It says the tamasic people pray to spirits and ghosts. We often see in certain new age tradition, contacting spirits and seeking answers from them is considered spiritual. In fact, contacting with spirits is considered quite tamasic according to Gita. Many times out of love of our departed loved ones, we want to establish contacts with them and communicate with them, but this again is considered tamasic. In fact, the 13 day ritual in Hindu tradition is meant to help the departed individual to leave ones bond with existing relatives and friends and move on to the next set of experience. Ones time with the existing people is over and one is supposed to move on. Of course, the shraaddha ritual is done by son/daughter every year to pay respect to the departed and ask for their blessings, but one is not supposed to be disturbing them by contacting them, and using them to get some information that one is seeking.

Gita further points out Rajasic pray to some higher entities. These entities called yaksha or devas are individuals with higher powers who are residing in different realm of experience. They are entities in the creation, may be more powerful but are still individuals. Just as king or prime minister can have relatively more power than you and can grant you some things, but they are more powerful entities and not the final cause Isvara.

Unlike the other two who pray to entities in this world which are within the order of Isvara,  Sattvic people pray to Isvara- the ultimate cause of the universe which pervades and governs everything in the form of series of laws and orders that exist in the universe. As we have seen, spiritual person not only pray to this all-pervading cause, but also pray to know ones identity with this cause.

That means, according to Gita, to be spiritual, we not only have to recognize the presence of total, initiate religious life by connecting to the cause, learn to pray, inquire about the nature of Isvara to whom we pray. This requires a lot of understanding and analysis.

What makes it difficult for us to grow from being merely religious to being spiritual by understanding the nature of Isvara and incorporating it in our life to truly transform ourselves? One source of problem is that our normal orientation of Isvara being an external entity away from us is so strong that when that gets questioned, we begin to feel uncomfortable. When we are made to look into realities that cross our comfort zone, we find ingenious ways to deny ourselves this knowledge and retain our present world vision. In order to dismantle present understanding, we need some grace. This is why for being truly spiritual, we need to understand true nature of Isvara and not get stuck with our personal image of what Isvara is. To make that change, we have to pray everyday for expanding our vision and enhancing the clarity of thinking. Constant willingness to look into oneself and challenging our understanding about nature of oneself, universe and its cause is crucial for ones spiritual transformation.  But to do that, we need to make repeated efforts in the right direction.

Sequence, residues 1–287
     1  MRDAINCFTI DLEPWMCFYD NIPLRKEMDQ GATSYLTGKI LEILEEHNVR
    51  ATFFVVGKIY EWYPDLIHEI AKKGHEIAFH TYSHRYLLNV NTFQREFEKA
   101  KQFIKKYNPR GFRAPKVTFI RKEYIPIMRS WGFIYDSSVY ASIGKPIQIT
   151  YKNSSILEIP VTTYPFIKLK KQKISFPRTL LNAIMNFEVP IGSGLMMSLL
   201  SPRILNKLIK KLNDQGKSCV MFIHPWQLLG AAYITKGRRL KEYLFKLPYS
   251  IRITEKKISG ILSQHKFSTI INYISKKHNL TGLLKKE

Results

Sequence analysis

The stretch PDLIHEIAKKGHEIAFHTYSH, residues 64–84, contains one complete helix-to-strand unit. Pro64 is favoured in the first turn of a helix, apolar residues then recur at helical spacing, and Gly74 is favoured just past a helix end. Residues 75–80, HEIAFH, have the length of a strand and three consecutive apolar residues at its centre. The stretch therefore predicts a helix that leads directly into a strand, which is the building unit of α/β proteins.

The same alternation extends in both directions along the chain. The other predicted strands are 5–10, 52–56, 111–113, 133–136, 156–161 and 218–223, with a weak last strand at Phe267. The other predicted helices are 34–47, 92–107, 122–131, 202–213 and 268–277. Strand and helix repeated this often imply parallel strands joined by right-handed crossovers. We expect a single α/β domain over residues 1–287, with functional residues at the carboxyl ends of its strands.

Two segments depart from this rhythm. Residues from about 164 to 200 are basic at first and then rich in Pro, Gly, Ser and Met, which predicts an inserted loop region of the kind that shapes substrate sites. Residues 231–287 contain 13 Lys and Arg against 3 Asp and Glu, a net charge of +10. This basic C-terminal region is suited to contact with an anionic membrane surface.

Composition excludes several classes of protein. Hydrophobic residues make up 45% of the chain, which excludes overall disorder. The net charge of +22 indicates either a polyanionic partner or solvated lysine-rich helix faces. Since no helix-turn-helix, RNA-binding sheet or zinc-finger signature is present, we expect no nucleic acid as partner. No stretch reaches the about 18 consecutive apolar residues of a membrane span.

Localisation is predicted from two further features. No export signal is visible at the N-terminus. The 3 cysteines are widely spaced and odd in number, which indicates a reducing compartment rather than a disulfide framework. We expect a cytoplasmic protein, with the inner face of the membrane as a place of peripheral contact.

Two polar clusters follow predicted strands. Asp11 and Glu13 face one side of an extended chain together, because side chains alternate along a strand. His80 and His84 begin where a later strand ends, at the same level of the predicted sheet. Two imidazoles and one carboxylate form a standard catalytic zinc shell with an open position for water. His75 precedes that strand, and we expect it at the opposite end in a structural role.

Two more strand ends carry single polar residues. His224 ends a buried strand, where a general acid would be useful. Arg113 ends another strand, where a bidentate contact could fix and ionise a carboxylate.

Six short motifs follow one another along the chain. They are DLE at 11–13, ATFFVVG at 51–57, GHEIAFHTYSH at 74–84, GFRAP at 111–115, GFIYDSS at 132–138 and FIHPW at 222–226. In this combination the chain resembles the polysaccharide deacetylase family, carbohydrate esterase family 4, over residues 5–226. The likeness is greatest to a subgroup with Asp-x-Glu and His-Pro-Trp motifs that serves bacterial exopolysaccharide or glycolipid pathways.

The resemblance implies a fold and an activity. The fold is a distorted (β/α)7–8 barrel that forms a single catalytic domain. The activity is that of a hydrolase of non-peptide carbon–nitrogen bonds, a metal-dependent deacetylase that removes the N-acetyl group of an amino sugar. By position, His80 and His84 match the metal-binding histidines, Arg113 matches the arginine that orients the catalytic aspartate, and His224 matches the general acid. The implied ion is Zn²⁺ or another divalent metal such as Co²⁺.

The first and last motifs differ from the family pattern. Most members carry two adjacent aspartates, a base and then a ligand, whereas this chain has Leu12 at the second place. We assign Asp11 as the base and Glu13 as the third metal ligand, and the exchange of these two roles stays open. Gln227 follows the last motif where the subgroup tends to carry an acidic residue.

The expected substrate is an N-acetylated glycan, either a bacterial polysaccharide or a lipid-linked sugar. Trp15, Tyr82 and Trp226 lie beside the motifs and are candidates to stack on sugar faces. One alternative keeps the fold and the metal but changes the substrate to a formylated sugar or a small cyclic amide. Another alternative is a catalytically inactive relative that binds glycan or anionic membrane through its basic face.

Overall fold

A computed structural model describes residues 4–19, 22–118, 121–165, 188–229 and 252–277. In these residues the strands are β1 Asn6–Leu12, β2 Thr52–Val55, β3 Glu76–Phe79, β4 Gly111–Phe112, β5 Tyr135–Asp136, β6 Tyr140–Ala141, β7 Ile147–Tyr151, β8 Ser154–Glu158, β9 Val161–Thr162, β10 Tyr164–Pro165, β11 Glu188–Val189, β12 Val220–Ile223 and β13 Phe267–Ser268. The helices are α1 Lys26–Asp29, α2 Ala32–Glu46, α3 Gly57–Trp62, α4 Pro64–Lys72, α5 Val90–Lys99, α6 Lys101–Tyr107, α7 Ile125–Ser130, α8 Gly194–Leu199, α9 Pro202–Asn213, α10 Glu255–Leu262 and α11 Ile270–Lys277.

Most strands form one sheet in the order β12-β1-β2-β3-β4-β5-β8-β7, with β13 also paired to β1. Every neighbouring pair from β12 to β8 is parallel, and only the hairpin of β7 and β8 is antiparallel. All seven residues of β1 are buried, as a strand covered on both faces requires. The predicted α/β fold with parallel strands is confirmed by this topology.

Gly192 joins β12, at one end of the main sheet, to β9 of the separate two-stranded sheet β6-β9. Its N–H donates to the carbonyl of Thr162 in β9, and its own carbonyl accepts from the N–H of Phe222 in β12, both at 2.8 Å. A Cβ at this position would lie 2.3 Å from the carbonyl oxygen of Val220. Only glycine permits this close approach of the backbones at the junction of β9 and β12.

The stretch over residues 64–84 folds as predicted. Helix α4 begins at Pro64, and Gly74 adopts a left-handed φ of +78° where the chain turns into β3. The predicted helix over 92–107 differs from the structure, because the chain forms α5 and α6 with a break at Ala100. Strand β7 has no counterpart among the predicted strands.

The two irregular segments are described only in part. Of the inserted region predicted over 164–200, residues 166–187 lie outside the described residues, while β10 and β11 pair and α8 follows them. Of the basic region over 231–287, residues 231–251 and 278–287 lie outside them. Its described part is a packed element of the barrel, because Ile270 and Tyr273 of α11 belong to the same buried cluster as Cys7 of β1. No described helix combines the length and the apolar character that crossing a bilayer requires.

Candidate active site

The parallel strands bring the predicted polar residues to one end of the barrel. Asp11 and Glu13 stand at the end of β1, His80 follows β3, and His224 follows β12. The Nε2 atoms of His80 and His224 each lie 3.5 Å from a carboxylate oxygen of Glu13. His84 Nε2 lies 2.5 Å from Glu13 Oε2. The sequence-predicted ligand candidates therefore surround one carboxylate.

Let us take one example to see how practically one has to carefully look into oneself and challenge ones well entrenched patterns of behavior. One person came to us with his problem of anger. The person was getting angry with slightest provocation and could not stand anyone having any differing views from his. He justified his anger claiming that his anger was only directed towards persons who had unreasonable opinions and views. Over our conversation, we discovered that as a child, he wanted to become a foot ball player but his parents were opposed to it. Parents insisted, ‘You have to become an IT professional’ He became one, was successful and gave up his passion. Externally everything seemed fine. However, yielding to parents wishes and keeping his own desires unfulfilled had its own costs. As an adult, if somebody said something different from what he believed, or expressed a contrary opinion, he exhibited very low tolerance and started being abusive or aggressive.

He told us that in an attempt to solve this problem, he had earlier consulted some people who had suggested deep breathing exercises to calm him down and resolve this anger.  By doing these breathing exercises regularly, he was able to contain his anger for some time but could not eliminate periodic bursts. That means, breathing does help somewhat but mere repetition of breathing does not solve the problem entirely.

In order to deal with his anger, he needed to understand that the real cause of this anger was his parents forcing him to give up his dream.  With this awareness, he needed to separate the issue of parents forcing him to do something from a completely unrelated scenario of people expressing their opinions that could be counter to his. Similarly we all need to recognize that there is often a mix up in our understanding which makes us treat two totally separate issues as related and respond to a situation from this distorted view. Once that cognitive separation takes place, one has to be alert that one does not fall into this misinterpretation based on past behavioral patterns and habitual thinking.

One has also to further analyze the parents’ behavior and see the order behind parents’ aspirations and motivations that resulted in unintended coercion. He appreciated that parents were only thinking about the economic viability and what they considered to be welfare of the child and were oblivious to adverse impact it was going to have on him for not following his dream. He freed himself from any resentment by understanding the order behind their actions.

With reference to the present situation, he recognized that everybody does not think alike- differences are very much part of Isvara’s order and one has to accept them. Not only, one has to accept the differences but also recognize that they are very much necessary as one can learn from others point of views and opinions. This reorientation takes place at several levels and requires deliberate and repeated effort. The effort undertaken for personal transformation and the final pursuit of knowledge of Isvara makes one a truly spiritual person.

To conclude, religious persons can be relating to Isvara with partial awareness or misguided understanding in some cases. However, for spiritual person, knowing nature of Isvara is part of inquiry into truth and relating to Isvara is part of process of gaining maturity required to gain knowledge.